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There are currently no available treatments to slow the progression of Parkinson’s over time, but available drugs and therapies can effectively treat symptoms often for years. Because Parkinson’s disease is highly variable, what works for one patient may not work for another. As with any course of treatment or medication, it is critical to work closely with your physician to determine the optimal treatments for you.*
Many different treatment approaches are used for Parkinson’s disease:
Since many symptoms of Parkinson’s are due to a lack of dopamine in the brain, dopaminergic strategies act to temporarily increase dopamine in the brain through different approaches. The increase in dopamine provided by these approaches can result in improved motor function control.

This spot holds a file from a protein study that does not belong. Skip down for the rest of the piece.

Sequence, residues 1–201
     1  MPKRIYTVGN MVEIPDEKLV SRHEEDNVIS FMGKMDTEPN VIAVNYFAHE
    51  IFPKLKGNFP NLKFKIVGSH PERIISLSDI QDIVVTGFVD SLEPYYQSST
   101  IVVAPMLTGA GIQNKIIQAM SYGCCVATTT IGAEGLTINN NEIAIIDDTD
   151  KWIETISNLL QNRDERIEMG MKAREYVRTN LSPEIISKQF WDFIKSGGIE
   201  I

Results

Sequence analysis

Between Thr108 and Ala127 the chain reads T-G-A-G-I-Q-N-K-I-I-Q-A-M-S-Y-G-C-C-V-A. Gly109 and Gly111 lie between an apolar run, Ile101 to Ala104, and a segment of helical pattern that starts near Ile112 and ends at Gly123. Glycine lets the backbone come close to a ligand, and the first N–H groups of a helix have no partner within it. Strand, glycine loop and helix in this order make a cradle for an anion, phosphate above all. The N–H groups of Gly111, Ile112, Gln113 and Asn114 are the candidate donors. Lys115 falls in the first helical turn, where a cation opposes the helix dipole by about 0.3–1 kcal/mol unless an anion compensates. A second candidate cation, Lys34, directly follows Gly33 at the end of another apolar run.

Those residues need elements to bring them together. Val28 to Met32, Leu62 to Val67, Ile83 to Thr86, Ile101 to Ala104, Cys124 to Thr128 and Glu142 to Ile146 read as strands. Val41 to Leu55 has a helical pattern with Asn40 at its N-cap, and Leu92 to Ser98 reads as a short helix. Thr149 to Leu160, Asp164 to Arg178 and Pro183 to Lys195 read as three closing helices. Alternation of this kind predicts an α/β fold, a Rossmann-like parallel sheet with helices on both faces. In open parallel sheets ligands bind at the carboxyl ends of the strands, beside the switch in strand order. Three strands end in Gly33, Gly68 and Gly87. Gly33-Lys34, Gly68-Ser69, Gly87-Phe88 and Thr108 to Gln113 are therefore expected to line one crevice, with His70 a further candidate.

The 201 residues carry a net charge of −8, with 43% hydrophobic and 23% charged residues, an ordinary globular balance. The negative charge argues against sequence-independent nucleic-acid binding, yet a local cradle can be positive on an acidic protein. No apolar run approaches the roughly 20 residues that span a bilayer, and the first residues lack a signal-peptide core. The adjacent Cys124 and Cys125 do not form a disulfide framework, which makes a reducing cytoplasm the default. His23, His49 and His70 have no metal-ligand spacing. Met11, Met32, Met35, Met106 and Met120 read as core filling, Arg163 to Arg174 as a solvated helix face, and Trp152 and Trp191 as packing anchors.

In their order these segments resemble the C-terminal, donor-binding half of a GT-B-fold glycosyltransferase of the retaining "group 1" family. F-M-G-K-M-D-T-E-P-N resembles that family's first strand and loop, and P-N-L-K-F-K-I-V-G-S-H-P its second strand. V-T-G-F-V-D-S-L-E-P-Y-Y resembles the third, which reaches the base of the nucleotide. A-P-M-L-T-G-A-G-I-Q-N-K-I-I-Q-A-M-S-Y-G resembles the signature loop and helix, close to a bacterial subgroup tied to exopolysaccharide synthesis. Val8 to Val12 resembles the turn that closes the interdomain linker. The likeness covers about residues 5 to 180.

These drugs block a different neurotransmitter (acetylcholine) that also regulates movement, which could ease motor symptoms.
Other symptomatic therapies
You may need other medications for conditions that could be related to your Parkinson’s, such as: depression, constipation, orthostatic hypotension and dyskinesia.
Deep Brain Stimulation
Deep brain stimulation is another therapy to treat Parkinson’s motor symptoms. A thin electrode is implanted into the brain and small electrical pulses stimulate a small brain region and block the signals that cause motor difficulties.
While no studies have proven the effect of exercise on slowing Parkinson’s progression, strength and balance from regular exercise can help overall health. You should talk to your physician about a safe exercise program and about how allied care professionals such as physical, occupational and speech therapists can help manage your symptoms.